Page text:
The World Wide Web Consortium (W3C) develops international Web standards: HTML, CSS, and many more. W3C’s Web standards are called W3C Recommendations.
All W3C standards are reviewed for accessibility support by the Accessible Platform Architectures (APA) Working Group.
The W3C standards and Working Group Notes introduced below are particularly relevant to accessibility.
Essential Components of Web Accessibility shows how web accessibility depends on several components of web development and interaction working together, and how the WAI guidelines (WCAG, ATAG, UAAG) apply.
Web Content Accessibility Guidelines (WCAG)
Web “content” generally refers to the information in a web page or web application, including:
- natural information such as text, images, and sounds
- code or markup that defines structure, presentation, etc.
WCAG applies to dynamic content, multimedia, “mobile”, etc. WCAG can also be applied to non-web information and communications technologies (ICT), as described in WCAG2ICT.
- WCAG Overview
- WCAG 2.1 at a Glance
- How to Meet WCAG 2 (Quick Reference)
- WCAG 2.0 Standard
- WCAG 2.1 Standard
Authoring Tool Accessibility Guidelines (ATAG)
Authoring tools are software and services that “authors” (web developers, designers, writers, etc.) use to produce web content. For example: HTML editors, content management systems (CMS), and websites that let users add content, such as blogs and social networking sites. ATAG documents explain how to:
- make the authoring tools themselves accessible, so that people with disabilities can create web content, and
- help authors create more accessible web content.
User Agent Accessibility Guidelines (UAAG)
User agents include browsers, browser extensions, media players, readers, and other applications that render web content.
Accessible Rich Internet Applications (WAI-ARIA)
ARIA provides semantics so authors can convey user interface behaviors and structural information to assistive technologies (such as screen readers). The ARIA specification provides an ontology of roles, states, and properties that define accessible user interface elements.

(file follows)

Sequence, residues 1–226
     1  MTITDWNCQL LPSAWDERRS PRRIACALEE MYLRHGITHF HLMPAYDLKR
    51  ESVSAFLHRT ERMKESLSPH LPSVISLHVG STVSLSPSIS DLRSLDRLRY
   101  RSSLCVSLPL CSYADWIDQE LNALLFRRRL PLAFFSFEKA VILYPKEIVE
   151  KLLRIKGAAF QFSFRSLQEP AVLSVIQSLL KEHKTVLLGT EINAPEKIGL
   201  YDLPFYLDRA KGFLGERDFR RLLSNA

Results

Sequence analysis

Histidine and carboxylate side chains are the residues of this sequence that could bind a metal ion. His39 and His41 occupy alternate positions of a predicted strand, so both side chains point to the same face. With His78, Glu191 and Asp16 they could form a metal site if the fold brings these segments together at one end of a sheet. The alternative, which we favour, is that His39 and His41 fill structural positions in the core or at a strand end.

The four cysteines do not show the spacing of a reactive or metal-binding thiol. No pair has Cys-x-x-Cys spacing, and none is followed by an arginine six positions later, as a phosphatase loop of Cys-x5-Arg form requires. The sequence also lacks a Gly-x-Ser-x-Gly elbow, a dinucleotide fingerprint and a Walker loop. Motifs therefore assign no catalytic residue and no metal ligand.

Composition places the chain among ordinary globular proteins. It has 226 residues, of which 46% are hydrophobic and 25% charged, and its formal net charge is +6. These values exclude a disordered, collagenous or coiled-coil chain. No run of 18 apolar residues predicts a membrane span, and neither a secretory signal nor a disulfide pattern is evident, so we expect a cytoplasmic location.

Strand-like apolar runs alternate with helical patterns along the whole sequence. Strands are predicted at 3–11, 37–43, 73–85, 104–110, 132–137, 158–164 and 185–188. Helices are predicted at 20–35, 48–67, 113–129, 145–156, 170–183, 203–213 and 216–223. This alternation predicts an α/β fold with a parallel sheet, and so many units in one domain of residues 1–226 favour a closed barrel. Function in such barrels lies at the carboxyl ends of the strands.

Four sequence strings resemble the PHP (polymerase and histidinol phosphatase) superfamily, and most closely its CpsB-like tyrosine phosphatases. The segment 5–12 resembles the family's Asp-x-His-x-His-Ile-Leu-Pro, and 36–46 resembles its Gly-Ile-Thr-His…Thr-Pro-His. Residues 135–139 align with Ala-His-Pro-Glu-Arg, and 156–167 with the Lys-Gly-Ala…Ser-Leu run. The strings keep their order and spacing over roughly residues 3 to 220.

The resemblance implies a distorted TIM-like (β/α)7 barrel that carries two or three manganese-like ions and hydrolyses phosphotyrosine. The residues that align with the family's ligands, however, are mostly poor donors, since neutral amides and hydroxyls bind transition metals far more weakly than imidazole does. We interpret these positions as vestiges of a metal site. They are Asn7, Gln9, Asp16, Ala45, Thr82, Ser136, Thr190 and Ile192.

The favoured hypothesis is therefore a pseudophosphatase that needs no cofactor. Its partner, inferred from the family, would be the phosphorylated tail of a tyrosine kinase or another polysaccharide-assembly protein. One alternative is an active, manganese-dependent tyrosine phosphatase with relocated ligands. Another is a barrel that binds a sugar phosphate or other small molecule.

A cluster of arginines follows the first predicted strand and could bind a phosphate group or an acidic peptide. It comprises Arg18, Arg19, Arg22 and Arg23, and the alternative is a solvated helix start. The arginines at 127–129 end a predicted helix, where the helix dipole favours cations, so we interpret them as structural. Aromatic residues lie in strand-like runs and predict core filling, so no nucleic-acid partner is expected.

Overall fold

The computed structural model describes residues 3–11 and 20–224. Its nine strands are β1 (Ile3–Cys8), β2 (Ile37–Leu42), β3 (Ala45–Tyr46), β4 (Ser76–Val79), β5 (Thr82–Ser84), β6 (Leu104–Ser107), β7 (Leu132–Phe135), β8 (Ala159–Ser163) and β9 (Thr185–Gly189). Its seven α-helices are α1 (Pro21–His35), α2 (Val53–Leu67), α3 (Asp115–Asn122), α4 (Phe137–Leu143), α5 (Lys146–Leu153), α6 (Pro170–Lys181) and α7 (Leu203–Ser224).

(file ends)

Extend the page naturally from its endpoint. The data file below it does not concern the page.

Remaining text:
The ARIA suite includes API mapping specifications that provide user agent implementation guidance. It also include modules for Graphics and Digital Publishing.
- WAI-ARIA Overview – includes a list and description of modules and API mappings
- WAI-ARIA Authoring Practices
- WAI-ARIA 1.1 Standard
Audio and Video
WebVTT: The Web Video Text Tracks Format is a format for captions, text video descriptions, and other metadata that is time-aligned with audio or video content.
Timed Text Markup Language (TTML) is intended to be used for transcoding or exchanging timed text information among legacy distribution content formats for subtitling and captioning.
The following resources support development of accessibility evaluation methods and tools:
Accessibility Conformance Testing (ACT) Overview — ACT establishes and documents rules for testing the conformance of web content to accessibility standards.
Evaluation and Report Language (EARL) Overview — EARL is a machine-readable format for expressing test results.
Additional resources related to evaluation are listed in the Evaluating Web Accessibility Overview, including:
- WCAG-EM Overview: Website Accessibility Conformance Evaluation Methodology — WCAG-EM is an approach for determining how well a website conforms to Web Content Accessibility Guidelines (WCAG).
Personalization Overview — Personalization involves tailoring the user experience to meet the needs and preferences of the individual user. Content authors can use personalization standards to provide a default design and enable user personalization with minimal work.
Pronunciation Overview — Pronunciation is about screen readers and other text-to-speech (TTS) synthesis pronouncing content properly.
Other Areas of W3C WAI work
Web Accessibility Laws & Policies lists governmental laws and policies relating to web accessibility in countries and regions around the world. Many of these reference W3C accessibility standards.
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